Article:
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A comprehensive guide to coordinating conjunctions in French

Updated: Oct 14, 2022

Conjunctions are invariable linking words that help give more sense to your sentences. There are two main types of conjunctions in French: coordinating conjunctions and subordinating conjunctions. In today's lesson, our focus will be on the conjunctions of coordination like mais, où, et, donc, or ni car. You will get a list of the 7 coordinating conjunctions with examples and as usual, you will be able to practice through an exercise.

Conjunctions of coordination Mais ou et donc or ni car

What are in fact conjunctions?

Conjunctions are connective words that link two words, ideas, or clauses together. They help you give a better structure to your sentence and therefore make it more understandable. Learning these connective words is a great way to improve your fluency as you will be able to make more elaborated sentences.

Coordinating conjunctions as their name indicates help in the coordination of elements in the sentence. There are only a few of them and it's easy to keep them in mind by learning this mnemotechnic sentence that works so well: "Mais où est donc Ornicar?". Mais, ou, et, donc, or, ni, car are the 7 coordinating conjunctions referred to in this learning aid. And this translates as "but where is then Ornicar?"

1. Mais =but

The French word mais is translated in English as but. It Expresses opposition.


  • J’aime le café mais sans sucre. => I like coffee but without sugar.

  • Il veut gagner de l’argent mais il ne veut pas travailler. => He wants to earn money but he doesn't want to work.

2. Ou = or

The English translation of Ou is or. It is used for alternative situations, and for making choices.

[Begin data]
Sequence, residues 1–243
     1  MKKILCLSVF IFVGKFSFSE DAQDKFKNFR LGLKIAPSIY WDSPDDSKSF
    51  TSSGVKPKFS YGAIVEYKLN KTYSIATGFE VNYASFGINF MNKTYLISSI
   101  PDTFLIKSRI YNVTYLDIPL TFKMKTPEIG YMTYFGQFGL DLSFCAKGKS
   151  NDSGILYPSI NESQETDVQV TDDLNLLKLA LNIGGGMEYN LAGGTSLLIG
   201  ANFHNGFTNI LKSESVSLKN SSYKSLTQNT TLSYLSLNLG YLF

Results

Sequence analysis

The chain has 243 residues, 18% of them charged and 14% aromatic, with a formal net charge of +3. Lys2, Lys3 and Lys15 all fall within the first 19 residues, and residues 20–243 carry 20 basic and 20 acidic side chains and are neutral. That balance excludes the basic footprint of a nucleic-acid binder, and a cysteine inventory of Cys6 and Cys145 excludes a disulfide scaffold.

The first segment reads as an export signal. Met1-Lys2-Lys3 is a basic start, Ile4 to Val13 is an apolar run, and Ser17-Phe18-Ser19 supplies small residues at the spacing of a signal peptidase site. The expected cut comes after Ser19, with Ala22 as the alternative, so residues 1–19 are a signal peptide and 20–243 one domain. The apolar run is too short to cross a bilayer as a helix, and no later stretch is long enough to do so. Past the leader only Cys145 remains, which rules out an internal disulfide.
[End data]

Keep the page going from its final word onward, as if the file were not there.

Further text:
• Tu veux du pain ou un croissant? => Do you want some bread or a croissant?

Important note: do not make confusion with the other French word which is an adverb referring to a place. It takes an accent and generally means where.

3. Et = and

Et is used to link two parts of the sentence when we want to express the addition. It is nothing else than the English word "and". "Et" is generally located just before the last element of a list.


Elle est jeune, intelligente et belle. => She is young, intelligent and beautiful.

4. Donc = so, therefore

Donc is the English equivalent of so or therefore. It is used to express the consequence.


  • Je suis fatiguée, donc je vais prendre un taxi pour rentrer chez moi. => I am tired, then I am going to take a taxi to go home.

  • Alex est malade, donc il n'assistera pas à la réunion. => Alex is sick, he won't therefore attend the meeting.

5. Or =but, yet

Don't mix the French Or, with the English word "Or". They are actually false cognates that might mislead you.

The French conjonction Or helps make the transition from one idea to another, or to draw a negative conclusion.


Il nous a dit de venir tôt; or lui-même n’était pas prêt. => He told us to come early, but he himself wasn't ready.

Note: It is frequent to see a coma (virgule) after or but this is not compulsory.

As you also know French words can have multiple meanings. The French word "Or", used as a noun can also mean "gold" in English. So, you need to always take into consideration the context in order to find the correct meaning of "Or".

6. Ni =neither ... nor

Ni is used for expressing negation. It can be used alone but is rarely used that way. The common way to place it in a sentence is with the negation word ne and the double negation " ni .... ni" which translates as Neither.. nor.


Elle n'aime ni le yoga, ni la danse. => She neither likes yoga nor dancing.

7. Car = because

Car expresses the cause, the reason why something is happening or has happened. Car can be replaced by "parce que " which also means because.

This conjunction is not to be mixed up with

  • the English word car which translates as voiture in French